Indeed biology is far beyond our current level of technology, self-replication is an incredible feat which every species on Earth can perform and we could do it with our technology but it would need to be massive factory complex that’s fed resources over many years as it slowly builds another massive factory complex.

That you don’t understand consciousness only proves that you don’t know what you’re talking about.
 

Cognisant

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”Old Things” said:
If a brain is so complex that it even looks like it’s indeterministic it means we are a long way off from creating sentient life.
Baseless conjecture, there’s the subatomic level, the atomic level, the molecular level, the cellular level and the brain is a massively multi-cellular structure, to say that subatomic events influence the mind as equivalent to someone on Earth jumping up and down influencing events on the galactic scale would be a gross over-estimation.

Human scale -> planetary scale -> stellar scale -> galaxy scale

Subatomic -> atomic -> molecular -> cellular -> multicellular

An actual equivalent would be someone jumping up and down affecting events on a local galactic-cluster scale.

Basically you’re making an argument to ignorance, had I not known better I might have assumed that since I don’t know much about subatomic physics (frankly who does?) maybe you do and therefore maybe you have a valid point, but I only need the most rudimentary understanding of atomic physics (much less subatomic physics) to know that you have no idea what you’re talking about and you’re just trying to leverage quantum woo as justification for your beliefs.
 

Old Things

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”Old Things” said:
If a brain is so complex that it even looks like it’s indeterministic it means we are a long way off from creating sentient life.
Baseless conjecture, there’s the subatomic level, the atomic level, the molecular level, the cellular level and the brain is a massively multi-cellular structure, to say that subatomic events influence the mind as equivalent to someone on Earth jumping up and down influencing events on the galactic scale would be a gross over-estimation.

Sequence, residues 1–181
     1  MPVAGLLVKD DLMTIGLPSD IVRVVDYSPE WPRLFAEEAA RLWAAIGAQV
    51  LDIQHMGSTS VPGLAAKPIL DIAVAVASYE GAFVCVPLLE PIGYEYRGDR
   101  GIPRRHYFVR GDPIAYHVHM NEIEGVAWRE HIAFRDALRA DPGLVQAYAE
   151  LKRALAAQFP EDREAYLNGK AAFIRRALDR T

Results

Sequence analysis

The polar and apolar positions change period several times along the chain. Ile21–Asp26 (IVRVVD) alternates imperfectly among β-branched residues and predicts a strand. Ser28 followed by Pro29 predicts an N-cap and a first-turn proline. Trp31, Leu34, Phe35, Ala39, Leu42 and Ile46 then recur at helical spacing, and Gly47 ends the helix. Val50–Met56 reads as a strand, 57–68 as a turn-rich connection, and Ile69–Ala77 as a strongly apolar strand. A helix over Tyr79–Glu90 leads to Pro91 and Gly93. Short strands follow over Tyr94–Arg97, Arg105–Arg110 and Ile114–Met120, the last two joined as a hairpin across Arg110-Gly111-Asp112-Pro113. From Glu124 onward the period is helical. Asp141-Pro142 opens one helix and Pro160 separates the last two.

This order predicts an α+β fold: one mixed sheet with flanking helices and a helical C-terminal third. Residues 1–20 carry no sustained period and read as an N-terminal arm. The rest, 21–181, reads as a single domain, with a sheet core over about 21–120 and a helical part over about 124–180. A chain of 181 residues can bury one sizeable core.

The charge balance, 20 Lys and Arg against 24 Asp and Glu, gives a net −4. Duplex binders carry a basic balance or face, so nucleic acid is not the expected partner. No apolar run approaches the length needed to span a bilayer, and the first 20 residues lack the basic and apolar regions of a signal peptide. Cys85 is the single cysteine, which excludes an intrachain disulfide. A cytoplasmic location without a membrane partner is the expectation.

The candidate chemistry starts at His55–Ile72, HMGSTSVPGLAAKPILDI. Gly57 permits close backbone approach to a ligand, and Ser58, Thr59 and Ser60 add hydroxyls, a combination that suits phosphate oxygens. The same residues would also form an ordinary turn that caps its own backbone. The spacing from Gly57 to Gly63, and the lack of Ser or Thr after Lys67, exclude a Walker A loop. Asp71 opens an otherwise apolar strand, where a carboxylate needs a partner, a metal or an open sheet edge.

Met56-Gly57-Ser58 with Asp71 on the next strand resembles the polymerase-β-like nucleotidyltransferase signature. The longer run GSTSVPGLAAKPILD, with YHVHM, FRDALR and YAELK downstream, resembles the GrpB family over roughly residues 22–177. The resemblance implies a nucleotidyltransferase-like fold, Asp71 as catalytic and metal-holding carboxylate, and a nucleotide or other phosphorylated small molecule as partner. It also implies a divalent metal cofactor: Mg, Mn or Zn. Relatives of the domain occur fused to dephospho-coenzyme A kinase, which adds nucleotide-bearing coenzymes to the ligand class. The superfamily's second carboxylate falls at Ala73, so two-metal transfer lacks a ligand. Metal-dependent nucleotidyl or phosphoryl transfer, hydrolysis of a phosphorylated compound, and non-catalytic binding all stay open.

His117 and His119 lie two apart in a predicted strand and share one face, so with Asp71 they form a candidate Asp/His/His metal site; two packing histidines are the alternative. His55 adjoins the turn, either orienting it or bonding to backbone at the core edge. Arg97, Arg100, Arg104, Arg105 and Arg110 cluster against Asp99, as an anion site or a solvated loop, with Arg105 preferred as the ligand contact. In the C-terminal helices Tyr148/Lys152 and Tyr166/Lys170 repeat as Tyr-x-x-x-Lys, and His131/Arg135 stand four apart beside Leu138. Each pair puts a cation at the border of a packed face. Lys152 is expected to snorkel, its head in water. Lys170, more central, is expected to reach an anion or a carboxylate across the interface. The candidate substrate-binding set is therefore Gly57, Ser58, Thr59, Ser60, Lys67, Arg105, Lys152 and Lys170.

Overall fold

Human scale -> planetary scale -> stellar scale -> galaxy scale

Subatomic -> atomic -> molecular -> cellular -> multicellular

An actual equivalent would be someone jumping up and down affecting events on a local galactic-cluster scale.

Basically you’re making an argument to ignorance, had I not known better I might have assumed that since I don’t know much about subatomic physics (frankly who does?) maybe you do and therefore maybe you have a valid point, but I only need the most rudimentary understanding of atomic physics (much less subatomic physics) to know that you have no idea what you’re talking about and you’re just trying to leverage quantum woo as justification for your beliefs.

It happens for topological qubits in microtubules.
 

Cognisant

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You literally googled the first thing that agreed with you and parroted it with zero understanding hoping I’d be too intimidated by the big words to call you out on your nonsense.

”Stuart Hameroff of Arizona Medical Center said:
The mechanism by which quantum superpositions reduce to classical states (“collapse of the wave function,” “measurement problem”) remains enigmatic. Possible explanations include decoherence, “multiple worlds” (each possibility branches to a new universe), and the Copenhagen interpretation (Wigner/von Neumann version) in which conscious observation causes quantum state reduction (placing consciousness outside science).